The voestalpine Group’s first Energy Day was held on May 2 and 3, 2017. The venue for the event was the Communications Center Donawitz (CCD). More than 90 managers and external experts came to explore the subject of energy at the invitation of the voestalpine Group.
The networked approach taken to the subject of energy is becoming increasingly important at voestalpine. The key challenge lies in achieving the CO2 emission levels specified in global, European, and Austrian frameworks over the coming years. voestalpine is already regarded as the environmental and efficiency benchmark for its industry. During the past decade, the technology and capital goods group has invested over EUR 2 billion in environmental measures.
Management Board and experts focus on energy efficiency
To highlight the importance of energy and its efficient use within the company, the Management Board of voestalpine AG including Wolfgang Eder, Franz Kainersdorfer, Franz Rotter, Herbert Eibensteiner, and Peter Schwab, together with members of the Management Board of the Steel Division, Hubert Zajicek, and the Special Steel Division, Robert Bauer, as well as leading voestalpine employees working in energy met at the voestalpine site in Donawitz.
External experts were also invited to present their views and discuss issues related to
- Energy generation
- Energy distribution
- Energy use, and
- Energy efficiency
The event was organized by Hannes Lippert from voestalpine Stahl GmbH, together with Wolfgang Sparlinek and Martin Ebenhofer from voestalpine Rohstoffbeschaffungs GmbH. The aim of the event is to stimulate action, to learn from, and even directly emulate best practice examples, and to build up a network of experts over the long term.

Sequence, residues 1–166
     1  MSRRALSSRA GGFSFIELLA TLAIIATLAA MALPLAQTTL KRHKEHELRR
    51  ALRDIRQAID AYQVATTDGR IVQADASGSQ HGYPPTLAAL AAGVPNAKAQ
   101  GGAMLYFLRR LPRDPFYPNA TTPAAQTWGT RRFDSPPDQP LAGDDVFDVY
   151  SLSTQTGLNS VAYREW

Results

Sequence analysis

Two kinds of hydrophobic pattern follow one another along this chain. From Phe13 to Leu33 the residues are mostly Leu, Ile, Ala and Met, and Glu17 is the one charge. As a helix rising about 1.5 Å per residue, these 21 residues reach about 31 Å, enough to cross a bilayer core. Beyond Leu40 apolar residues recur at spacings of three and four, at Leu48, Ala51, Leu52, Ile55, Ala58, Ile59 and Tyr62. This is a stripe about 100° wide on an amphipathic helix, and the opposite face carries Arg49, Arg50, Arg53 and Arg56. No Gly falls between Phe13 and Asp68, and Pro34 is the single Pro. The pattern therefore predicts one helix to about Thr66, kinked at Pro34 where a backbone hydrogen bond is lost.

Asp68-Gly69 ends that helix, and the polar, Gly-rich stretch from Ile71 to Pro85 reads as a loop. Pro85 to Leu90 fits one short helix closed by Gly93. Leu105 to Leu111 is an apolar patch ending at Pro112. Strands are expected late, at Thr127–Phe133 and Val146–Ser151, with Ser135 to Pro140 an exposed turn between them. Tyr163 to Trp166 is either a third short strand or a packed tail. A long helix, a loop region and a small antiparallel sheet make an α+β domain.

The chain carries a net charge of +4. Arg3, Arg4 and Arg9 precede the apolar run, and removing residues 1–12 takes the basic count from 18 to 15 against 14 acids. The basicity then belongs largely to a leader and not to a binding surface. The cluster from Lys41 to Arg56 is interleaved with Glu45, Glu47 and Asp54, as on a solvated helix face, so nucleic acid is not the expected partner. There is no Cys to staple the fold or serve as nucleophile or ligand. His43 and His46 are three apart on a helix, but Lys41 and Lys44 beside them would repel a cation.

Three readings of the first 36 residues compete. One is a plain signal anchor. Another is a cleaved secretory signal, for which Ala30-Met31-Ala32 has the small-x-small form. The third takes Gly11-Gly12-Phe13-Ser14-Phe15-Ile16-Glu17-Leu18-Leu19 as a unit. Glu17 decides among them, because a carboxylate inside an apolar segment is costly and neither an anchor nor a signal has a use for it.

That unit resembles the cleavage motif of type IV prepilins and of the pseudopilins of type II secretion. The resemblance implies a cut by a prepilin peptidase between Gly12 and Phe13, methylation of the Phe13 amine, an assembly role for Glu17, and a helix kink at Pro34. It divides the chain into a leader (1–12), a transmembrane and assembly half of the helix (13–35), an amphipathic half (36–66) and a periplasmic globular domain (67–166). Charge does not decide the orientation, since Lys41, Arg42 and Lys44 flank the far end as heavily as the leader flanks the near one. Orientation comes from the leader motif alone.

Participants listened keenly to Walter Boltz, consultant and former Chairman of the Management Board of eControl, whose presentation focused on the European electricity and gas market, as well as on general developments in the energy sector.
He believes there is still a long way to go to reach the goal of a complete transition to renewables in Europe. Today the energy transition is chiefly an electricity transition. In Germany, for example, thanks to measures to stimulate solar power enacted in the period from 2000 to 2016, the volume of electricity generated by photovoltaics has grown to over 38,000 GWh. The transport and heating transition is only slowly growing in importance, also in Austria. He believes the mobility transition and the move to autonomous vehicles over the coming years is particularly interesting.
Energy supply is assured
In his presentation Michael Weixelbraun, Assistant to the Management Board of the Austrian Power Grid AG (APG), examined whether Austria’s power supply is secure and the estimated risk of a blackout. In general, it can be said that the dangers associated with cyber criminality have increased. But power supply is assured in the case of emergency. He offered various scenarios and current examples. Two internal sets of issues rounded off the two days: internal and external experts reported on and discussed the following topics in small groups:
- Energy generation and distribution,
- Energy efficiency, and
- Systems and environment.
The path to CO2-neutral steel production
The two Energy Days can be summarized as follows: with its steel, voestalpine is already making an indispensable contribution to the future. Using steel in applications such as lightweight construction or in the energy sector saves on average six times as much energy, and thus CO2, as is used in its production. Without steel there would be no wind turbines, no solar panels, no hydropower plants, no electric motors and consequently no electric vehicles, no electricity pylons, no environmentally friendly railways, metro systems or tramways, etc.
Even in the future it won’t be possible to produce steel without using energy. However, the voestalpine Group is consistently working to develop processes which will achieve a step-by-step decarbonization of steel production. Over the next two decades voestalpine will be using bridging technologies, primarily those based on natural gas as in the new direct reduction plant in Texas, in an effort to replace coal with alternative energy sources in steel production. The next step is to develop the direct reduction process using hydrogen in place of natural gas. Over the long term voestalpine is working towards using technologies such as the use of hydrogen in order to achieve CO2-free steel production.